2) decolonize or minimize colonization of +MRSA patients. (15 – 30 second soap contact is not just for the hands, it works when bathing, too!) There are other options for decolonization published you may wish to consider if you have a large percentage of high risk patients +MRSA or other +MDRO.


Finally, monitoring MRSA in your facility will help evaluate if your protocol is working.


Dr. Jernigan of CDC said it best, “MRSA is a complex problem that cannot be controlled by any single intervention.”

This is my own professional opinion and does not represent the opinion of the FPIC board. other comments and suggestions welcome.

Holly Craddock, RN, BSN, CIC, LHRM

FPIC Communication Board Chair

C difficile cleaning

by FPIC Board on 01/28/16

Questions received:

I work in Behavioral Health Care. We just had an AHCA audit. We were told that we need to use a cleaning agent for our hospital that includes protection from Cdiff.  We presently use [a Quat cleaner.]  They could not give a product recommendation. Can anyone suggest a product that you are using that covers MDRO's?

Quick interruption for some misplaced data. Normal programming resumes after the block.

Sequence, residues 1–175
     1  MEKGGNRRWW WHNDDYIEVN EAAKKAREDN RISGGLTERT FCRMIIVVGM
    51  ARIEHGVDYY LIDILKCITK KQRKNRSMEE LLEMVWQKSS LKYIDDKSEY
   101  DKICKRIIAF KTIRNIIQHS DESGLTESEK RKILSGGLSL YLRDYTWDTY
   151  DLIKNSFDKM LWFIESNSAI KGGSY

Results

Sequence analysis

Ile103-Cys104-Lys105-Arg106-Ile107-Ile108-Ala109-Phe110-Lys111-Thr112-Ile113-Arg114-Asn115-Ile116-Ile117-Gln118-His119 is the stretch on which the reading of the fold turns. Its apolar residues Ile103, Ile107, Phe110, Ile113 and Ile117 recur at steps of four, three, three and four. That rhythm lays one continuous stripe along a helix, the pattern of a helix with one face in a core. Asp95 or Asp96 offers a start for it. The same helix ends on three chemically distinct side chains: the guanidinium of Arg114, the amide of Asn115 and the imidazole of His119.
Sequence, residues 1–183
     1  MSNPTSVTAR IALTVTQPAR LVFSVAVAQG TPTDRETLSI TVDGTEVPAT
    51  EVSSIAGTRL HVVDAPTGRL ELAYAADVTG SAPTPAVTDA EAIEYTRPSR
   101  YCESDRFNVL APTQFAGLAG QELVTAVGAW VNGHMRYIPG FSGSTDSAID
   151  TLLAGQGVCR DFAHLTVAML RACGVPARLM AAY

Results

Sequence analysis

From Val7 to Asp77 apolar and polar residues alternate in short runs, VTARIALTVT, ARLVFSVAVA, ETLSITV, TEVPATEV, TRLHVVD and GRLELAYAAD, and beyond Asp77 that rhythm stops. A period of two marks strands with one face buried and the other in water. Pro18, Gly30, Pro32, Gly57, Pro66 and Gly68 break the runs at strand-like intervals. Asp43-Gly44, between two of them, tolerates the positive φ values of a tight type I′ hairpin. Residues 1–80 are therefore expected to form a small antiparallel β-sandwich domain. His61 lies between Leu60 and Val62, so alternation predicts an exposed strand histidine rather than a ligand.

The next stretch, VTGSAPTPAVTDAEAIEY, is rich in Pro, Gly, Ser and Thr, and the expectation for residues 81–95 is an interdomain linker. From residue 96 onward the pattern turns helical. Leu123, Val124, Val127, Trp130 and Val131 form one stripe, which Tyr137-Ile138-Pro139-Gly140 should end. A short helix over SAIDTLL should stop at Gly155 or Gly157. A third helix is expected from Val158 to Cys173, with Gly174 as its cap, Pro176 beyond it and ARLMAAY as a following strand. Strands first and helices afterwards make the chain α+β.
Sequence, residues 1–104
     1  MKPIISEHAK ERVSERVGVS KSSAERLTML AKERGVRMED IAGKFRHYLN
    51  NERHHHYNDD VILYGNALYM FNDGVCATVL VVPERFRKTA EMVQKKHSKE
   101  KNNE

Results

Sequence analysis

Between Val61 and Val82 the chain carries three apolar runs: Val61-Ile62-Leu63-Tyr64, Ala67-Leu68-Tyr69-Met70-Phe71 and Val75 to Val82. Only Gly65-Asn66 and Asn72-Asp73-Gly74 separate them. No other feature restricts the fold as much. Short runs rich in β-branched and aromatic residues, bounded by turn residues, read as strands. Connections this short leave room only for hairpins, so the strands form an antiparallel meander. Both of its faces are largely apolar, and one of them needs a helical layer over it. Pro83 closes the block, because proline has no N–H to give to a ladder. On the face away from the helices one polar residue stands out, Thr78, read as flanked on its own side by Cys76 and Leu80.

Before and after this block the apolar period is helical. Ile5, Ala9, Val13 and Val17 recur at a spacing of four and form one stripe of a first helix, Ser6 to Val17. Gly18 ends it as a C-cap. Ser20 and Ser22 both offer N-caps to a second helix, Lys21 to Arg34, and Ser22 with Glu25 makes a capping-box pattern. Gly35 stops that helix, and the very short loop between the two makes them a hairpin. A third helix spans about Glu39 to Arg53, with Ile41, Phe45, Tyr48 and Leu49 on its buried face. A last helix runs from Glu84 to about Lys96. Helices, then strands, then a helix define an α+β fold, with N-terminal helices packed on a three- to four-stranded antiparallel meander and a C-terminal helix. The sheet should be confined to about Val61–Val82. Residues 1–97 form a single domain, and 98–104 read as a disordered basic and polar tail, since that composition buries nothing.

The FPIC Board thanks you for your excellent question.

Quaternary cleaners are generally not adequate for cleaning after C difficile, however, they are historically an adequate cleaner against other MDRO's including MRSA.  There are two options available currently on the market adequate for killing C difficile. Use of a bleach based product is one that has been widely used and remains in use in many healthcare facilities for terminal cleaning for this organism. Bleach wipes may be used for equipment cleaning, however, you must check with manufacturer's recommendations to see if that is an approved cleaner. The alternative option is a peroxide based cleaner.  Peroxide has been reported as having less surface corrosive effects than bleach and some facilities have moved to using a peroxide based cleaner for all rooms. This is a newer product to healthcare and not as widely used as bleach currently.  FPIC does not endorse any one particular product.